OOPS! The plan was to build the grid with 3 colors by having each color in each row and no color touching itself. I thought it was a solid plan.
It wasn’t, since after row #2, I was backed into a corner. Okay, that sounds a bit dramatic but for a fleeting second that is how it felt until I said O.O.P.S. (Outstanding Opportunity Presenting Suddenly). When I finsihed the grid with the Cutouts Inspired by Matisse stencil, I realized that this grid was far better than the one I planned.
Using a square Gel Press Plate to build the grid had a side benefit. Often, when gel printing, the clean up pages become wonderful all on their own. In the video, you’ll see a brownish blah page become layered with color just from cleaning off the brayer along with tips for how to stencil crisp images.
New to gel printing? I’ve got a step by step guide for making your first print.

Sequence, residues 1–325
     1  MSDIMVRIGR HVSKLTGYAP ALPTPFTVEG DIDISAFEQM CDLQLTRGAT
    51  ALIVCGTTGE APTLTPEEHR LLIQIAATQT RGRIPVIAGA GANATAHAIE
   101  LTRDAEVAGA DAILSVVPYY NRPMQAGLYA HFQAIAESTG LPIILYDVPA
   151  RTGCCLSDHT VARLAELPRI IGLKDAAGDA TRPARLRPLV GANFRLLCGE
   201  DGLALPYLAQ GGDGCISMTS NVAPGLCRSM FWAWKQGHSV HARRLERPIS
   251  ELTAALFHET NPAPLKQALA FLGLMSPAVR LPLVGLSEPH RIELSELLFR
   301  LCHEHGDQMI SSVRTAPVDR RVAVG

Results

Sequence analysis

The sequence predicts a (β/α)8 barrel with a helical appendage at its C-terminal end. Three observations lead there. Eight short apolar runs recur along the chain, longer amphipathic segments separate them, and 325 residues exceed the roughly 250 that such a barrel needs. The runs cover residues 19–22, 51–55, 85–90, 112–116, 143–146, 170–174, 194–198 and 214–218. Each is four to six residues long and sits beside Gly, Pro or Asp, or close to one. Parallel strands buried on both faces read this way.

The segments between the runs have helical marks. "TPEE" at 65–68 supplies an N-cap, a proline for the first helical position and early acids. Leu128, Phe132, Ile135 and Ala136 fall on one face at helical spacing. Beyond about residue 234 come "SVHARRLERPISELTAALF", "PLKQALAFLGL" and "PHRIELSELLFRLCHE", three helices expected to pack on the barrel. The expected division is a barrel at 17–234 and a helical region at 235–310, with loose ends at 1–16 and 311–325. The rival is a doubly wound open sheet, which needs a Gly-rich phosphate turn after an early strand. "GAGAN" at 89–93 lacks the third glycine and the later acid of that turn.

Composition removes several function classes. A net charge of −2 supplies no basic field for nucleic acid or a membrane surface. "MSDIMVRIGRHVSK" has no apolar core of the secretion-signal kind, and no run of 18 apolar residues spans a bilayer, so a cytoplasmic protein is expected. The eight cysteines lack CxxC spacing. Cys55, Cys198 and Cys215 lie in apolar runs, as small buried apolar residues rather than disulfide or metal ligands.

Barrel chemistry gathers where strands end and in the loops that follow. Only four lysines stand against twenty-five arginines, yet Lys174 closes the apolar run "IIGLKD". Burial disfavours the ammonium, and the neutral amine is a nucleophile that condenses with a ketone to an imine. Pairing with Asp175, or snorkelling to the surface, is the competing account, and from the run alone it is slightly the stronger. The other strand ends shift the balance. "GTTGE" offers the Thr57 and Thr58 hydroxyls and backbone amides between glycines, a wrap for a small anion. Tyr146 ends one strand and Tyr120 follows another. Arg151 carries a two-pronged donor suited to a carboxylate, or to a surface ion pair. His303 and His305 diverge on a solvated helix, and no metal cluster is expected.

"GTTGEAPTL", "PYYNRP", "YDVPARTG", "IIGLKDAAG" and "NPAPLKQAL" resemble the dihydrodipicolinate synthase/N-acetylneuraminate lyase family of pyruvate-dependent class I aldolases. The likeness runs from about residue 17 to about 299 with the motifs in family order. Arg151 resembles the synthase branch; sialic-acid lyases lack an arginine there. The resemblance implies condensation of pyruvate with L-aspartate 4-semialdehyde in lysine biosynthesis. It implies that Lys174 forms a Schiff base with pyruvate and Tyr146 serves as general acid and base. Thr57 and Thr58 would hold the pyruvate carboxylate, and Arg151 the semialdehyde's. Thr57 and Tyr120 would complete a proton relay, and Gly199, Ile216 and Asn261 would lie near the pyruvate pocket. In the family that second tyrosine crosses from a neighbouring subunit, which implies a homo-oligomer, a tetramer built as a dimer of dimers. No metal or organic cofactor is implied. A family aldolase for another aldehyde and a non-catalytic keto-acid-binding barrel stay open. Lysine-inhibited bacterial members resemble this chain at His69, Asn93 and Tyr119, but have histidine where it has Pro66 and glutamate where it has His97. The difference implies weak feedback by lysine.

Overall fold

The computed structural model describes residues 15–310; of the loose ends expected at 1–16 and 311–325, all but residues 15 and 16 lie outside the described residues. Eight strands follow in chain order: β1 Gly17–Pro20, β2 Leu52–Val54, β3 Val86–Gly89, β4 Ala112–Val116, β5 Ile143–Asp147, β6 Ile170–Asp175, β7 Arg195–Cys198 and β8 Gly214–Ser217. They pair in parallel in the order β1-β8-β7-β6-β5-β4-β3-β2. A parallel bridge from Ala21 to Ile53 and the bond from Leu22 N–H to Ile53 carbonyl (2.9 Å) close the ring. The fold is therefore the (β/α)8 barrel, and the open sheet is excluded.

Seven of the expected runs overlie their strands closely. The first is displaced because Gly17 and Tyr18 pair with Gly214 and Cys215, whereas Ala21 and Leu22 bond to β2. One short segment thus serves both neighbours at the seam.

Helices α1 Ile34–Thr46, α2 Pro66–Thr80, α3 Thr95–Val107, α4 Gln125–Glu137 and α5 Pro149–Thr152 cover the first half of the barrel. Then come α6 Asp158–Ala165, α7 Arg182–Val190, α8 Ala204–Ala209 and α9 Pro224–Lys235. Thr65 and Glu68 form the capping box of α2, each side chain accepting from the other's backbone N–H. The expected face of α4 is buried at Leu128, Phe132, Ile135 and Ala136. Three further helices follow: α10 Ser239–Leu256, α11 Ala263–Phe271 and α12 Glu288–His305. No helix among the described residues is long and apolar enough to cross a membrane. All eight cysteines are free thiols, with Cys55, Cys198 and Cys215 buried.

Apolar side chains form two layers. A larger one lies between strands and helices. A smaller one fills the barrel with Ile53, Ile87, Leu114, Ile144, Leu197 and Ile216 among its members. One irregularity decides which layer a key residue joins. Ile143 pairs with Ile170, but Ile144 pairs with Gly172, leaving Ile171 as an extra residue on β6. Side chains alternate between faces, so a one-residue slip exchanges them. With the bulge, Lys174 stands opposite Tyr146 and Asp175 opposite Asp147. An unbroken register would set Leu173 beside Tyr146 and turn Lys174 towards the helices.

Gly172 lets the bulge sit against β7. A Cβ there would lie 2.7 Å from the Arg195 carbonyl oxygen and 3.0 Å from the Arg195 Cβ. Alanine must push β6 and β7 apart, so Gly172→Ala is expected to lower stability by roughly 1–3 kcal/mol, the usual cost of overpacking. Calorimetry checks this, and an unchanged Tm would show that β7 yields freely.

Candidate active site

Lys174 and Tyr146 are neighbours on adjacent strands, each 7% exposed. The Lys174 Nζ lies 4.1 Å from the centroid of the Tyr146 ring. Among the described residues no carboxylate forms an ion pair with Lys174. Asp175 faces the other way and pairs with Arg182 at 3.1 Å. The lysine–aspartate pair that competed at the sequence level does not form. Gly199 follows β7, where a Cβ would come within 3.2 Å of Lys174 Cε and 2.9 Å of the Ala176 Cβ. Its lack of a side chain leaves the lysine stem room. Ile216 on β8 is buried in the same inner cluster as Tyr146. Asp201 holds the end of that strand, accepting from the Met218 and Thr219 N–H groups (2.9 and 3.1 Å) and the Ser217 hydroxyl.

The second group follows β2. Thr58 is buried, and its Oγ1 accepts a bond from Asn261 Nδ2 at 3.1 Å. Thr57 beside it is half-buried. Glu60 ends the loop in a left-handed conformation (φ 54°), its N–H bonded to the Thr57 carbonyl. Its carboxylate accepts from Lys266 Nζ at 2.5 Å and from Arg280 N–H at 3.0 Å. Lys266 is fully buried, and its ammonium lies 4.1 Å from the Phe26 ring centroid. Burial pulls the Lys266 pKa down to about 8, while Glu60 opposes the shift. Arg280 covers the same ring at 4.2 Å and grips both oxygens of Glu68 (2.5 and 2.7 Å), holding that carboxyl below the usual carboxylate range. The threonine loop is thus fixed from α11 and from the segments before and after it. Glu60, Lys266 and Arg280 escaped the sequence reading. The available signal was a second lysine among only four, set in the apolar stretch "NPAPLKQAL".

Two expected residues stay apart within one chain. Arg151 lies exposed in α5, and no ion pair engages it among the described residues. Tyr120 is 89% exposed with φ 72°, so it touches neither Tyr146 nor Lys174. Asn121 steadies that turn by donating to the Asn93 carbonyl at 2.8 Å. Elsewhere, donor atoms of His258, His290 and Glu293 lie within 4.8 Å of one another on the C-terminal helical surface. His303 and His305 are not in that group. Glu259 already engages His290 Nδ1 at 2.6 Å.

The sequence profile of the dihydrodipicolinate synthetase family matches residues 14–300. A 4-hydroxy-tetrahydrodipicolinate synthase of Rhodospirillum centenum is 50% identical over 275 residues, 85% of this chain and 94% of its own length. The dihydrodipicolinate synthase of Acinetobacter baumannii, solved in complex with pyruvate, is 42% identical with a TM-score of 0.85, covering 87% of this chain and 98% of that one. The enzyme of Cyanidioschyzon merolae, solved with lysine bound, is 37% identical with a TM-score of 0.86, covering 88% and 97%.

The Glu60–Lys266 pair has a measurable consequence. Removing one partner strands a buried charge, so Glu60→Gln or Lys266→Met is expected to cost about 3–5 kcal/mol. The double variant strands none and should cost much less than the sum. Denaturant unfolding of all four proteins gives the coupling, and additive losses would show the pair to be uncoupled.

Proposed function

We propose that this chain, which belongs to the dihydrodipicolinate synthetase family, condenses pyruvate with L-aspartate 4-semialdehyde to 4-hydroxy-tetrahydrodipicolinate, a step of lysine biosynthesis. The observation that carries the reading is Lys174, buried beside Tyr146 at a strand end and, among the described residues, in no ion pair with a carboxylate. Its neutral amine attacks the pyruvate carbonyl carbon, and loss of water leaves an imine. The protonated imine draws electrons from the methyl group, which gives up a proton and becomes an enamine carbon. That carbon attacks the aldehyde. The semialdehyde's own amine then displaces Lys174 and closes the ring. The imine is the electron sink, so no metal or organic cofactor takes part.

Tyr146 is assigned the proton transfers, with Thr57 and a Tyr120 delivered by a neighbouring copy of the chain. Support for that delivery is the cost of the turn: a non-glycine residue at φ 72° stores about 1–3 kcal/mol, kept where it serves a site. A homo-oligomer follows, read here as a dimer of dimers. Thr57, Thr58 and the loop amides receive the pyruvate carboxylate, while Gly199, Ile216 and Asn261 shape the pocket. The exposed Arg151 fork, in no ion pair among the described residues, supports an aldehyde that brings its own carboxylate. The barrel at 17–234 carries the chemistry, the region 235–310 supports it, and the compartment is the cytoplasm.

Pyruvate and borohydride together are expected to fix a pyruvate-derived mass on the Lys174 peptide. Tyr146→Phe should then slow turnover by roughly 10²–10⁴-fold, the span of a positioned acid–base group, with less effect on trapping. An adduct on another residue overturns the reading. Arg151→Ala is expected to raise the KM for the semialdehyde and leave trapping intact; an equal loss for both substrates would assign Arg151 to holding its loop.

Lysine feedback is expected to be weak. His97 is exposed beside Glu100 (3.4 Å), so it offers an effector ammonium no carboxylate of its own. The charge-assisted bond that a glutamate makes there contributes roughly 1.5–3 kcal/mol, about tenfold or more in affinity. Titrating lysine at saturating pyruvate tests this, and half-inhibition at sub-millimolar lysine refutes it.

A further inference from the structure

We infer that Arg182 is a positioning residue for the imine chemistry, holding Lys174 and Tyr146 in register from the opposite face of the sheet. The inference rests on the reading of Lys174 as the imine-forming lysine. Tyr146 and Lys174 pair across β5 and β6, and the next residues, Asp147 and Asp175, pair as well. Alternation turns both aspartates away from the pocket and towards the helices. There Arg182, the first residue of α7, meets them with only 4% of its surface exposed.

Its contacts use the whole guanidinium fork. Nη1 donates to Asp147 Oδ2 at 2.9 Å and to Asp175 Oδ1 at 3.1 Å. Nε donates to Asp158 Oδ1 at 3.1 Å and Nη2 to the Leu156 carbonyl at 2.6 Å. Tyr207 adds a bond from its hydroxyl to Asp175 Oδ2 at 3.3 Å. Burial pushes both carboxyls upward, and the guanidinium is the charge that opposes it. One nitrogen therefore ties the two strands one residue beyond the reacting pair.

Apparently, geometry was not my strength in school. The proof (yes, pun intended for those who also dreaded writing those in geometry) is that I turned the gel plate square in the video so that it would fit better…um…squares are the same length on each side.
Getting a crisp stencil image is easy as 1-2-3.
- Use small amounts of paint or a thick paint, like a heavy bodied paint. If using a thinner paint, just blot the sponge off on scrap paper before stenciling.
- Pounce the cosmetic sponge in an up and down motion and not side to side because that is more likely to force the paint underneath it.
- Use light pressure when stenciling. Pushing down with lots of pressure does make it go faster, but it is more likely to make paint squish under the stencil.
Here’s the clean up page created by just cleaning the brayer over and over on a page that had some yucky brown on it. Now I have an interesting background ready to go for another play session.
Here are the supplies I used. Some of these links are affiliate links which means I get a small percentage. It doesn’t cost you anything extra and it helps keep the free tutorials coming!